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Teachers' Unions In Trouble
California's Super-Charged Superintendent's Race

California’s superintendent of schools race is usually pro forma—but this year it’s anything but. For a contest in which the incumbent usually gets re-elected without much effort, let alone national attention, this year will be dramatically different, the LA Times reports:

This year’s contest…is one of the tightest and costliest on the statewide ballot, the reflection of an emerging fault line in the Democratic Party over education policy.

Supt. of Public Instruction Tom Torlakson is in the fight of his life against upstart challenger and fellow Democrat Marshall Tuck.

The battle has drawn national attention, along with millions of dollars from traditionalist teachers unions on one side and from those who want to wholly overhaul the way schools are run on the other.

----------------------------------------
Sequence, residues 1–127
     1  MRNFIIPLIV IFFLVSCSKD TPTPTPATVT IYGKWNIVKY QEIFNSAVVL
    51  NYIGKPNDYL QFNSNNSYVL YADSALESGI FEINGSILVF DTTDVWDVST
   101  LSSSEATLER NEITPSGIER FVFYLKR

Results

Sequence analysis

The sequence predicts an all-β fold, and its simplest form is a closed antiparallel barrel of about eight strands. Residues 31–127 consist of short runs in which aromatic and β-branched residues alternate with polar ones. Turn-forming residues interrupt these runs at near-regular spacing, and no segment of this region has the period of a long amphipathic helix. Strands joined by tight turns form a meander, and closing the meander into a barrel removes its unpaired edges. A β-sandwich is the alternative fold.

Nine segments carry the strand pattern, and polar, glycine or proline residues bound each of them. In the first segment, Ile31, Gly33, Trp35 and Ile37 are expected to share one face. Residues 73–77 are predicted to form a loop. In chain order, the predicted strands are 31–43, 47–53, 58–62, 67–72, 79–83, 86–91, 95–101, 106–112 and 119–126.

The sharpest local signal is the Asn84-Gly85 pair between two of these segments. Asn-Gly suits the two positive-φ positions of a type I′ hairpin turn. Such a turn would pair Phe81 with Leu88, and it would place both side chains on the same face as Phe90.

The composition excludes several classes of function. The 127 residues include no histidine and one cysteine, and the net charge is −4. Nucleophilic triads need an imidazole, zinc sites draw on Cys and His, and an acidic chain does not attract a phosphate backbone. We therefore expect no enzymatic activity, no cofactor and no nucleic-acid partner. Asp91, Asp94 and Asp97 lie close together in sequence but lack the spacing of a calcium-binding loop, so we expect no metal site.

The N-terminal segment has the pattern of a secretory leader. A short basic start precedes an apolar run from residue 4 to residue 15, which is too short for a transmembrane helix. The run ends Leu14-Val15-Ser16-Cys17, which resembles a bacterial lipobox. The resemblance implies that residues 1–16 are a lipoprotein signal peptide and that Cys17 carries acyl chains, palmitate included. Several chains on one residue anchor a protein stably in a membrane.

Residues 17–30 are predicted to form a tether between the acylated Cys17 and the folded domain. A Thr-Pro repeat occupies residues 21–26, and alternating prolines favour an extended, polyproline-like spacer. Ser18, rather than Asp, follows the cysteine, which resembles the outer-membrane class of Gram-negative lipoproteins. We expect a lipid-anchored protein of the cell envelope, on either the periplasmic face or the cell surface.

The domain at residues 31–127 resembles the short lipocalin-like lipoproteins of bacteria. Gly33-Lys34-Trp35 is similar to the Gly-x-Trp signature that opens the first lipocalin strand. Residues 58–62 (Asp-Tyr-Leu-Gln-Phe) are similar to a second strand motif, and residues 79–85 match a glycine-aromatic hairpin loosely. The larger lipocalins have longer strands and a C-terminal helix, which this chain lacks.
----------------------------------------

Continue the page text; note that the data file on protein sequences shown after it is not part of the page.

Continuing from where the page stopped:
The result could reverberate far beyond California.

Tuck the school reformer is facing off against Torlakson the veteran schoolteacher. Also on the ballot (by implication, that is) is California’s controversial teacher-tenure ruling of earlier this year, in which an LA superior court judge decided that tenure placed a disproportionate burden on minority students. The two contenders have taken up opposite sides of the issue, so the election fight has repercussions for the case’s appeal:

Tuck hailed the ruling as a victory for students in chronically underperforming schools, while Torlakson appealed the decision; state teachers unions also appealed. […]

Tuck, for his part, vows that if elected his first act will be to withdraw the court appeal.

“When we have students that have to file lawsuits to get a quality education, and the people who are elected to lead and fight for students are actually fighting against students in court, that’s when you know you need fundamental change,” Tuck said at a recent news conference, where he was flanked by some of the families that filed the lawsuit.